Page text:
KYIV (Reuters) -Ukraine marked Friday’s 82nd anniversary of a mass killing, mainly of Jews, in Nazi-occupied Kyiv with an appeal not to forget an event that it said provided the moral basis for opposition to “Russian aggression”. Nazi forces shot dead nearly 34,000 Jewish men, women and children on Sept. 29-30, 1941 at Babyn Yar, […]
Ukraine marks 82nd anniversary of Babyn Yar killings by Nazi forces
KYIV (Reuters) -Ukraine marked Friday’s 82nd anniversary of a mass killing, mainly of Jews, in Nazi-occupied Kyiv with an appeal not to forget an event that it said provided the moral basis for opposition to “Russian aggression”.
Nazi forces shot dead nearly 34,000 Jewish men, women and children on Sept. 29-30, 1941 at Babyn Yar, a ravine on the outskirts of Kyiv, after occupying the Ukrainian capital – which was then part of the Soviet Union – during World War Two.
Over the next two years, many more people were killed at Babyn Yar. Most were Jews but the victims also included Roma and non-Jewish Ukrainians, Poles and Russians.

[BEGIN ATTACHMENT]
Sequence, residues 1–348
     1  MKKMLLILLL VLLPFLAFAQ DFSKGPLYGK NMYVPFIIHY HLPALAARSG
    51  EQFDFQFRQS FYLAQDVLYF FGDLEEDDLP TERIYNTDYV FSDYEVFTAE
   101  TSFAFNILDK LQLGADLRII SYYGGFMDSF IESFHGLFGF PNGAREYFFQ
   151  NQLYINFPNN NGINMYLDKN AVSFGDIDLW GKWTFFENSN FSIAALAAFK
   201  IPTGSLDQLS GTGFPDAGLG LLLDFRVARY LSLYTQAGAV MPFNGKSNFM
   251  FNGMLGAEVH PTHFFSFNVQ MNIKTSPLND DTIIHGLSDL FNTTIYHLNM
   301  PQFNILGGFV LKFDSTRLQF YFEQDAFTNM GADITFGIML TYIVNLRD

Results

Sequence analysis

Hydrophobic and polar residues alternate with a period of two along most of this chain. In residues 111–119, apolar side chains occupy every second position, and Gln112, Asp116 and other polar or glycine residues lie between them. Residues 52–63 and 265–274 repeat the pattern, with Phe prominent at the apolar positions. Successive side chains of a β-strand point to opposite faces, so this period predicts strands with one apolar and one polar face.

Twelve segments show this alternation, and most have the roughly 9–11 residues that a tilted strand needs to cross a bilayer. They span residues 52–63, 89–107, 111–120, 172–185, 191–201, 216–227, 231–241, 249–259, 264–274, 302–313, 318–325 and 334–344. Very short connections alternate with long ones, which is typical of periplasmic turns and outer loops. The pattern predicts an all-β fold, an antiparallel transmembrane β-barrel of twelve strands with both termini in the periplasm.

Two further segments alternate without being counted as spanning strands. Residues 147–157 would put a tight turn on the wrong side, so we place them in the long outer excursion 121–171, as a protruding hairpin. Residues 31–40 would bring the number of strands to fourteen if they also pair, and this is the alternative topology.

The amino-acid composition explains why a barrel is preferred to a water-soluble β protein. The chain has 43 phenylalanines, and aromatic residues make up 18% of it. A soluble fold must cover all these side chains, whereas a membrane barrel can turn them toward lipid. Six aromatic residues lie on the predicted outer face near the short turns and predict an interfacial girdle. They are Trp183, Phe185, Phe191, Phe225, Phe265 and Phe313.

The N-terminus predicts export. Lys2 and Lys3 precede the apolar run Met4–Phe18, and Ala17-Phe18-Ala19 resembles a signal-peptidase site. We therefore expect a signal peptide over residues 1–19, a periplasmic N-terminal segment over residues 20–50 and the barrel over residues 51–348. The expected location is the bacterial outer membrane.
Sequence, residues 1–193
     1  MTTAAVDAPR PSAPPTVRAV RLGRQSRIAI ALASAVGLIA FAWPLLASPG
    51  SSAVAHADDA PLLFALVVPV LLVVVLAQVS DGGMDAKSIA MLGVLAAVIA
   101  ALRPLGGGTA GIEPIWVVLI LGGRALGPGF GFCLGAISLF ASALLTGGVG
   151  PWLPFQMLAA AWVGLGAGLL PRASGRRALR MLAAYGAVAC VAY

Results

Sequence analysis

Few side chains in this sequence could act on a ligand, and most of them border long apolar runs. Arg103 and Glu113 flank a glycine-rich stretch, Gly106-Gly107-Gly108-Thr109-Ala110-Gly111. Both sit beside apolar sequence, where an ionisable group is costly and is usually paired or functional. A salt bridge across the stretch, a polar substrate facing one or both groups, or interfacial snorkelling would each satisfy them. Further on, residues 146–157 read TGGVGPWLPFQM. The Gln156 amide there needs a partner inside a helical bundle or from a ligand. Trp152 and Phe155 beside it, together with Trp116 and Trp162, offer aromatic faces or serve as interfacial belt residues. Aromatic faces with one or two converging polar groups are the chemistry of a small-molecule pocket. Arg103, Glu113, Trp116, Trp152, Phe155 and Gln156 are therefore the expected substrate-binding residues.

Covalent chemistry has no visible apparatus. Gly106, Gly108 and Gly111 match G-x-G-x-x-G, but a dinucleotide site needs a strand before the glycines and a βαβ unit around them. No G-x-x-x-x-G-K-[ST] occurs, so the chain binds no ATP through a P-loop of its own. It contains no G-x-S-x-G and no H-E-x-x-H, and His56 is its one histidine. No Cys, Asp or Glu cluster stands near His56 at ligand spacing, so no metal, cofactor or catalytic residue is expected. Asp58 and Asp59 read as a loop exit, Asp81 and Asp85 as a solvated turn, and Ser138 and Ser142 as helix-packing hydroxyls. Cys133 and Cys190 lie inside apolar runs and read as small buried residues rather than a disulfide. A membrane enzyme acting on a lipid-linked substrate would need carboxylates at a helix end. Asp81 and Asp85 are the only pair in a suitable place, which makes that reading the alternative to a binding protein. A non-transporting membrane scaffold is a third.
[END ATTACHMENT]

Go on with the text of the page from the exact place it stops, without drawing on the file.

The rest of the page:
“It is very important to always remember history, not to forget. Because ‘Never again!’ are not empty words,” President Volodymyr Zelenskiy said after leaving a candle at a monument of a Jewish menorah erected at the site to honour the victims.
He spoke with a small group of people gathered at the monument including relatives and descendants of the victims and rabbis from Ukrainian cities.
“All our days of commemoration have been made more emotional by the war. It has sharpened our feelings, opened up our wounds. We have become more sensitive to justice, to pain, to memory, to love,” said a serviceman called Yurii with the call sign “Seff” as he took part in an annual march to monument.
The Ukrainian foreign ministry urged the world to prevent such killings happening again and drew attention to Russia’s invasion of Ukraine 19 months ago.
“The memory of Babyn Yar and the slogan ‘Never again’ are the moral basis of humanism and opposition to any forms of aggressive-chauvinistic ideologies, in particular, Russian aggression against Ukraine,” it said in a statement.
Zelenskiy is Ukraine’s first ethnically Jewish president, although he is not publicly religious. Most of his grandfather’s family was killed during World War Two.
Russia launched a full-scale invasion on Ukraine in February 2022, saying the goal of the “special military operation” was to de-nazify and demilitarise its neighbour. Kyiv and its Western allies have accused Russia of an unprovoked land grab.
(Reporting by Anna Pruchnicka and Stefaniia Bern, Editing by Timothy Heritage and Philippa Fletcher)